There are also extra-curriculars, and people here will be glad to know that the past two schools I’ve worked in have had official tabletop gaming after-school clubs! I’ve even covered for the teachers who have run them a few times when they needed a sub.

                        With regards to your question, I actually think “mandatory social skills class” is actually just school in general. There is a lot of explicit social skill instruction embedded into our practices, especially at lower levels. Teachers at younger grades do a lot with things like taking turns in conversations and introducing yourself to others, for example. The level I work at has the separate social skills groups as interventions because our students are old enough that it has become clear who has not picked up the requisite skills from the wider school environment and needs more explicit or individualized help.

                        It’s also worth noting that this isn’t all one-directional. There has been a big push for greater understanding, inclusion, and appreciation for differences with students, to the point that many students with atypical behaviors or social skills are more broadly accepted by their peers. Students that would have been mercilessly bullied when I was a kid (which was not that long ago) are often accepted or, at the very least, ignored rather than made fun of. We still have a long way to go on increasing wider support and understanding of people with atypical behaviors, but we’re moving in the right direction on this IMO. I have taught classes where nobody bats an eye at a student who is stimming, for example, because they understand it’s just a way that student needs to process things. It’s the kind of inclusion that honestly warms my heart and that I find beautiful.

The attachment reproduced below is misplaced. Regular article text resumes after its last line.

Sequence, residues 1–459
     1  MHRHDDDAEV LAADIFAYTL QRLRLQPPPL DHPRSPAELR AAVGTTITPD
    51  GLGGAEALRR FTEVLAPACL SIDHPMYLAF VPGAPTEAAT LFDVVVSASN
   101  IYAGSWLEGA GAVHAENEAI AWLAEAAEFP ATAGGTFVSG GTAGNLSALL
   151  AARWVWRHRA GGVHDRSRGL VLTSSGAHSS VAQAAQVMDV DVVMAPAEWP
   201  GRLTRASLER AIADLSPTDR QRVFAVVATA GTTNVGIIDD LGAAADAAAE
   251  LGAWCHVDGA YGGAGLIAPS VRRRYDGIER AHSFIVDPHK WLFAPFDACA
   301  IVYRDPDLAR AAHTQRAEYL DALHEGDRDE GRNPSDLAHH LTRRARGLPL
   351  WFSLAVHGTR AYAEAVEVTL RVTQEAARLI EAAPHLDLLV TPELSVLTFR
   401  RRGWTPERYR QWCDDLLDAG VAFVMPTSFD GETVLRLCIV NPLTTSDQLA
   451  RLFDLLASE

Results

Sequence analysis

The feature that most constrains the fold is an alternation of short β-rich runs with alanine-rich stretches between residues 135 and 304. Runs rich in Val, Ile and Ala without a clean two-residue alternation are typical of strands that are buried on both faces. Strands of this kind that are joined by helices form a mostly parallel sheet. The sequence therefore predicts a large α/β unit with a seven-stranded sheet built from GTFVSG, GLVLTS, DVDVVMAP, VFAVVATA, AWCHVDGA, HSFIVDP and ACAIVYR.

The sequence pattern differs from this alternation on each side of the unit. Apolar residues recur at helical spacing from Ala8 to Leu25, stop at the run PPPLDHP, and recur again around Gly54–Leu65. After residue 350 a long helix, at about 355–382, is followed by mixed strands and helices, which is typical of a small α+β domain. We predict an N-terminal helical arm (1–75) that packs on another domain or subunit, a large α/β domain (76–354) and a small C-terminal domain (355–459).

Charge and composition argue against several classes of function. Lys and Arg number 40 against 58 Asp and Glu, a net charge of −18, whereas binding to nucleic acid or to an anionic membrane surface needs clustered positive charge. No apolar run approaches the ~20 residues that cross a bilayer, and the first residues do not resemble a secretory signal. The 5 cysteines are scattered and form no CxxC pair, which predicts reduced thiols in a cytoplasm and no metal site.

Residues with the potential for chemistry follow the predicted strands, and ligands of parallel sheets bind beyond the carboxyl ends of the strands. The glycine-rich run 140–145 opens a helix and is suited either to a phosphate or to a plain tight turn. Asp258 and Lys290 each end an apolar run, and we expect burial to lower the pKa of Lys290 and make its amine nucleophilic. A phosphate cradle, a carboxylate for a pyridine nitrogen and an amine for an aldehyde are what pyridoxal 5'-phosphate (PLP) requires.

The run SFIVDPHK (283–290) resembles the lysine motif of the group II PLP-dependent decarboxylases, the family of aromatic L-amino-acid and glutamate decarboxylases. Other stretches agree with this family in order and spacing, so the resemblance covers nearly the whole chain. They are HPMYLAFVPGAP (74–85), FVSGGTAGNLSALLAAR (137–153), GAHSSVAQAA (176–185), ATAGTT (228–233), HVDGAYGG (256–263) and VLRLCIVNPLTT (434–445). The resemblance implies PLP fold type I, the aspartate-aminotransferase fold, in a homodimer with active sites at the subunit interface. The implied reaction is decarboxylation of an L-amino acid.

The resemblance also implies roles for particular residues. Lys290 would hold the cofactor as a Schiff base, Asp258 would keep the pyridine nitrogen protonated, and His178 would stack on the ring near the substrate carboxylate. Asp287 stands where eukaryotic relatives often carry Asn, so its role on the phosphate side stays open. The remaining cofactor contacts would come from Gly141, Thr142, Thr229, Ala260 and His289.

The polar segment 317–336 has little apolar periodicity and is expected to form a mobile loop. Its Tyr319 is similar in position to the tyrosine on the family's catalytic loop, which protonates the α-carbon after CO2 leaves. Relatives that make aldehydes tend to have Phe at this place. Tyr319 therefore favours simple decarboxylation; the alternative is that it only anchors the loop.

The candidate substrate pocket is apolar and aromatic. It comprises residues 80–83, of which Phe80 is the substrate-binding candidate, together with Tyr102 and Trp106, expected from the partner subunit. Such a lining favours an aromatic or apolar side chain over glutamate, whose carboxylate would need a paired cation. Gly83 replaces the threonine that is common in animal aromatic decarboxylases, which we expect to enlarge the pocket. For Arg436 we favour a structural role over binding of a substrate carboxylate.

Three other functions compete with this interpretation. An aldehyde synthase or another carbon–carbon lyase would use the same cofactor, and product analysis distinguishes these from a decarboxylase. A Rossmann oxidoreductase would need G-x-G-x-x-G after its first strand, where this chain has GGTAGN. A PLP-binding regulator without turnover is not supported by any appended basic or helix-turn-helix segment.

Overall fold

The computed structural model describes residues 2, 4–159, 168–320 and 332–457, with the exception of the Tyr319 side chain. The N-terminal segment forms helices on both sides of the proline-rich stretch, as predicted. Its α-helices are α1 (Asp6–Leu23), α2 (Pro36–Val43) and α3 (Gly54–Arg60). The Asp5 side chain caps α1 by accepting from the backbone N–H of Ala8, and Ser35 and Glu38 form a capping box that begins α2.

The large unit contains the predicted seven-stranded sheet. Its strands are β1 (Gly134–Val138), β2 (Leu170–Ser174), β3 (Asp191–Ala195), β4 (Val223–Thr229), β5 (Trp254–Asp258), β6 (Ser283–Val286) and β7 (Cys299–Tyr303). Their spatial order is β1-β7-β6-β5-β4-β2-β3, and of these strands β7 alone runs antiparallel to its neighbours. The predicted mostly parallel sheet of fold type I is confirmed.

I do think D&D is a great socialization tool, as is really any group activity with a common goal. Get people to work towards something fun, together, and you pretty much lay the groundwork for positive interaction (as long as it’s low stakes). It’s the idea behind “icebreaker” or “team building” activities at the professional level, for example. These are commonly disliked at a surface level but when engaged in with fidelity they often genuinely do create a positive social cohesion and affinity, which is a solid ground on which to build skills.

                        9 votes
                      2. [2]
                        Amarok
                        (edited )
                        Link Parent
                        I think the numbers aspect attracts a fair bit on its own - these games have rules that are more complicated than you'll find in any other class of games by orders of magnitude. Literally several...